Deals with the original translation process, the various 17th Century editions and subsequent updates and re-translations in a calm, scholarly way. The author makes few open judgements but his bias still is obvious enough: he is in favour of an evolving, eclectic textual base and a modernised English text. He may also be liberal in his theology, as evidenced by his choice of translation issues and the way in which he handles later criticism of 'the new translations'.

Still, he understands the gro
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Melinda
May 19, 2014 Melinda rated it really liked it  ·  review of another edition
Wonderful to see how the original texts were translated and formulated into the KJV that is the top book for all Chrisitans
Conyers
Sep 27, 2011 Conyers rated it really liked it  ·  review of another edition
Shelves: non-fiction
I'm really enjoying this more than I thought I would. He has divided the chapters really well, so that you deal with the printers, the illustrations, etc., in their appropriate section. And, he has some very humorous observations sprinkle throughout.

I would recommend this to anyone interested in the history of the King James Version, without getting too bogged down. And, there the examples are usually accompanied with photos, so that helps a lot!
Jack Getz
Oct 15, 2012 Jack Getz rated it really liked it  ·  review of another edition
Love this story and Campbell tells it with good humor and amazing scholarship. More than dry history for me. It's yet another step in my understanding of where we get our modern and often errant ideas about our faith. There's a lot of dogma floating around Christianity that need light as that found in this book. Somewhat scholarly in nature so it requires a serious approach from the reader.
Michelle
Nov 14, 2011 Michelle rated it really liked it  ·  review of another edition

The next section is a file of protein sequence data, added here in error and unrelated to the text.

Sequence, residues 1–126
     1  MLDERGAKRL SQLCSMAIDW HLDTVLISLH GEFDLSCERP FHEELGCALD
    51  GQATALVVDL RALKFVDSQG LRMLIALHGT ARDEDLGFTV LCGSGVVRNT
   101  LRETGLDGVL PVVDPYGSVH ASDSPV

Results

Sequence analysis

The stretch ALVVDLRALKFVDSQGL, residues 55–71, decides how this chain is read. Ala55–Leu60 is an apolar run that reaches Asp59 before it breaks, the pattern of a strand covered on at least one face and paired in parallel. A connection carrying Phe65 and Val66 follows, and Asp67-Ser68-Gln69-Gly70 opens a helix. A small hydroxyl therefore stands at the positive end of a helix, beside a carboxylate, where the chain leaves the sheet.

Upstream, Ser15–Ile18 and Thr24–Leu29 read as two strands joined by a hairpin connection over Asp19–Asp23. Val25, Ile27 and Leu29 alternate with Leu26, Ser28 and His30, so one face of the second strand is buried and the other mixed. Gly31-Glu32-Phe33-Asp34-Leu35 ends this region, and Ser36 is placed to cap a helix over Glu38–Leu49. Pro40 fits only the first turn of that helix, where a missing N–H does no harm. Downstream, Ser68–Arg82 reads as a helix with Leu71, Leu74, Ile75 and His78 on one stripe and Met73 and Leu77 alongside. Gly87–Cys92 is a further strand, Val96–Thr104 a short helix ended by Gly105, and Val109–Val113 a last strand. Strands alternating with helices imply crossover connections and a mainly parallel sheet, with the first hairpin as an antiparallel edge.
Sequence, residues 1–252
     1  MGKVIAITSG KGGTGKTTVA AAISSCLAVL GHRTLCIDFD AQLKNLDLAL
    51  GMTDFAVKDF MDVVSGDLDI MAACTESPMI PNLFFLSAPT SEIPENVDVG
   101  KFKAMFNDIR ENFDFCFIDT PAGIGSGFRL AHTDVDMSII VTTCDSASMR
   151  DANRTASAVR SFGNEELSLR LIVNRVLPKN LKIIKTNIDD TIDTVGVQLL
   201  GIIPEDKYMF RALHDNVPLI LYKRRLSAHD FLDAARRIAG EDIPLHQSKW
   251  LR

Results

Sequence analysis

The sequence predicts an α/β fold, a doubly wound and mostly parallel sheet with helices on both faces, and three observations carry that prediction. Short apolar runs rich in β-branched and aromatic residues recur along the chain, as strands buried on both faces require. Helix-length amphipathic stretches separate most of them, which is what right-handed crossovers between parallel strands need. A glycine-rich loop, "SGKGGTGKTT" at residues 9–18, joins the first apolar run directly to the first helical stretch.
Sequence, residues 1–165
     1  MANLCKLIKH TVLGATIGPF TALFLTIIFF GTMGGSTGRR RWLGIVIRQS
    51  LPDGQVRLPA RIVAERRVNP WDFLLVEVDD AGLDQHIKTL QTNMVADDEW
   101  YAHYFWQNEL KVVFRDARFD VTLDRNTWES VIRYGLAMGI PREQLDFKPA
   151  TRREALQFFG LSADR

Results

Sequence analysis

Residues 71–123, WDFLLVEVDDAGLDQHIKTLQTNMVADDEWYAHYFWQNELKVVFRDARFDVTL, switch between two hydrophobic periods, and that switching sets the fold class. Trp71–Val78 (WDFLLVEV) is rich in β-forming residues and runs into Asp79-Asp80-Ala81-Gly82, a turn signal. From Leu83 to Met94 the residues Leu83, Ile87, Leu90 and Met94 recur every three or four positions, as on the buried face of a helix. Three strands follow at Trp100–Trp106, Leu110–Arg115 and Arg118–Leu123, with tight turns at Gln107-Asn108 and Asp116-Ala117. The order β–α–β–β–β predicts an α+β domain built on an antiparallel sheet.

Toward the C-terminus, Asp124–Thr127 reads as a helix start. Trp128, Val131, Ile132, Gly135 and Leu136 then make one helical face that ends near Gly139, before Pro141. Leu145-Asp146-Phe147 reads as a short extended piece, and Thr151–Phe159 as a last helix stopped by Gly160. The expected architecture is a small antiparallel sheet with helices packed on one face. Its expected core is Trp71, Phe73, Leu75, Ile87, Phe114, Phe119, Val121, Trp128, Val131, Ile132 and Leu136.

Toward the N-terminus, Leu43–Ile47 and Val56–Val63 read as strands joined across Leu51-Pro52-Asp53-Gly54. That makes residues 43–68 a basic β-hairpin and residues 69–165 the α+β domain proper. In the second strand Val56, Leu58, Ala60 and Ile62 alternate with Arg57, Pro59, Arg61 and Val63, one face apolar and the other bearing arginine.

I didn't finish the very last chapter as it got more technical about the differences between the early Bibles and the nuances in translations. I preferred the earlier chapters that told about the beginnings of the KJV, the stories of the people involved, and the controversy surrounding the different bibles including the KJV.
Joshua Foote
Dec 30, 2013 Joshua Foote rated it really liked it  ·  review of another edition
KJV

very in depth study on the history of the king James bible a history and not really a persuasive argument to the kjvo camp
Volsung
Dec 18, 2010 Volsung marked it as to-read  ·  review of another edition
I'm really looking forward to this book. (And it arrives just in time for the 400th anniversary of the "Authorized" translation of the Bible!)
Margaret D'Anieri
The king James version celebrates it's 400th year, and this is a detailed but very readable account of its production and evolution.
Stephanie
Jan 24, 2011 Stephanie marked it as to-read  ·  review of another edition
Shelves: did-not-finish
Someone had the nerve to reserve this (Leslie, was it you?!?) so I had to return it to the library without finishing it. Bah.
PWRL
Aug 23, 2012 PWRL marked it as to-read  ·  review of another edition
Shelves: 2012-new
O
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Gordon Campbell is a professor, a Renaissance and seventeenth-century specialist with a particular interest in John Milton, and well known for his expertise regarding the King James Bible. His broader interests in cultural history include art, architecture, Biblical studies, classical antiquity, garden history, legal history, historical theology and the Islamic world.